NORWICH – Satisfying federal mandates to make its building more handicap accessible, the Cornell Cooperative Extension is giving a facelift of sorts to the 1960s addition of its Norwich home.
The Cornell Co-op has undertaken a major renovation project in the 50-year-old cinder block part of its building which extends from the rear of the original Victorian style building on North Broad Street.
The 60s wing will receive upgrades that bring it into compliance with the Americans with Disabilities Act and, to the benefit of the Cooperative Extension, make the building more energy efficient.
The Cooperative Extension currently leases the 60s wing to the Chenango County Soil and Water Conservation District, the Farm Service Agency, and the Natural Resources Conservation District – all of which operate under the auspices of the USDA. And since renovations are in order to meet federal requirements for federal offices, the nearly $600,000 project is being paid entirely by federal dollars.
“Chenango County taxpayers don’t have to foot the bill in the sense that it’s not coming out of county funds,” said Ken Smith, executive director of the Cornell Cooperative Extension of Chenango County. “If we had not been able to make these upgrades, USDA would have needed to go elsewhere; and without them, Cornel Co-op would not be able to keep the building.”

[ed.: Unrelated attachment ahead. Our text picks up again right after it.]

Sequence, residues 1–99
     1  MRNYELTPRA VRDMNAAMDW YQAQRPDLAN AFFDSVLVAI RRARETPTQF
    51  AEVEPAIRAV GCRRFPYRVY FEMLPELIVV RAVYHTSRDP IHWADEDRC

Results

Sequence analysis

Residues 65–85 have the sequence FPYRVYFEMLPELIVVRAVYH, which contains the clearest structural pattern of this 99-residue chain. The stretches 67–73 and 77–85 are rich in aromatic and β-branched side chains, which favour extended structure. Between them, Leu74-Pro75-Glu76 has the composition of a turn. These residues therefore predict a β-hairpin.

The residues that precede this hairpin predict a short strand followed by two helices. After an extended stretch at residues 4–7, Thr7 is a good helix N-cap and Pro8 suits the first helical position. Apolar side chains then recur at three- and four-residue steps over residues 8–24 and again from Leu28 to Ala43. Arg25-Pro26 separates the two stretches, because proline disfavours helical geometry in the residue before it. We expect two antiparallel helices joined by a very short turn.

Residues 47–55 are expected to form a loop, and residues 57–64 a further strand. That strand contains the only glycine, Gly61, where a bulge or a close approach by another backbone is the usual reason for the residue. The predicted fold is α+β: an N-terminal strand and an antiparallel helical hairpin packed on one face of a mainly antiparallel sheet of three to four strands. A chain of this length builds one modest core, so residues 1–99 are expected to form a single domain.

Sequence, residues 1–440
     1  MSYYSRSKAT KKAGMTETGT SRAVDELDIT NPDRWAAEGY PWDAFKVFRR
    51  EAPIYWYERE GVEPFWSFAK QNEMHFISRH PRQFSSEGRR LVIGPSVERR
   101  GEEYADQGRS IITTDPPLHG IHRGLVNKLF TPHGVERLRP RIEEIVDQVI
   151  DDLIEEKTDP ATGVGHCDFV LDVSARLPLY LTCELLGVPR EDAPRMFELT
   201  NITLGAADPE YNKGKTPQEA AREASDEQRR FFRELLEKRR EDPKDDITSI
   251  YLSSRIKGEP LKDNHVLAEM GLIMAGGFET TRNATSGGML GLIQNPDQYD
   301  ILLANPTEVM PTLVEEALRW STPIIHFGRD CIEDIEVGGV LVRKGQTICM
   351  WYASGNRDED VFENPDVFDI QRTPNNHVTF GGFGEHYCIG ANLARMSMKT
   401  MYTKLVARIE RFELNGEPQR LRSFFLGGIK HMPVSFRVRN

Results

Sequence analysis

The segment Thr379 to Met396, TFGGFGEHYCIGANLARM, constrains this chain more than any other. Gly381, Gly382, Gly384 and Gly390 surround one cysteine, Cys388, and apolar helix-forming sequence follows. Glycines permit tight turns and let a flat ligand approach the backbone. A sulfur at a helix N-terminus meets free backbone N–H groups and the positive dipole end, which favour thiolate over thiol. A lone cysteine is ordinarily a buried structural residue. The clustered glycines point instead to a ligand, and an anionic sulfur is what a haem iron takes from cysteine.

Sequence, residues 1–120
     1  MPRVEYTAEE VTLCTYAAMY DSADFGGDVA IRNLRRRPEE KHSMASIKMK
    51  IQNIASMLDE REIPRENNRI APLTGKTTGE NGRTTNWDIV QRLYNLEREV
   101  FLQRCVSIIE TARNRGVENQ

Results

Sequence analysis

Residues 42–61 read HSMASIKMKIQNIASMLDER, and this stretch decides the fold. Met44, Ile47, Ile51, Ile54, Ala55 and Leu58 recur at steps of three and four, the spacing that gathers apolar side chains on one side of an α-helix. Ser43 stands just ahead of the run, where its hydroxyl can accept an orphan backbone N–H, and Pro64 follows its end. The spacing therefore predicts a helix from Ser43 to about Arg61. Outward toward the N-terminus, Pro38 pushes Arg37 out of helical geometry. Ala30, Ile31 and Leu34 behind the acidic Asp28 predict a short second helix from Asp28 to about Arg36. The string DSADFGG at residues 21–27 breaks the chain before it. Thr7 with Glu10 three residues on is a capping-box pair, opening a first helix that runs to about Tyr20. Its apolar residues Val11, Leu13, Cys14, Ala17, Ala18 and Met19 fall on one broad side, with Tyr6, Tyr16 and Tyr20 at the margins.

Smith said the renovation project will also allow the Cooperative Extension offices and USDA offices to reconfigure, giving each organization more space. Whereas space between the two entities had previously been split between the Victorian building and the 60s wing, the USDA will now be located entirely in the newly renovated wing while the Cooperative Extension takes the upstairs and downstairs offices in the orignal part of the building.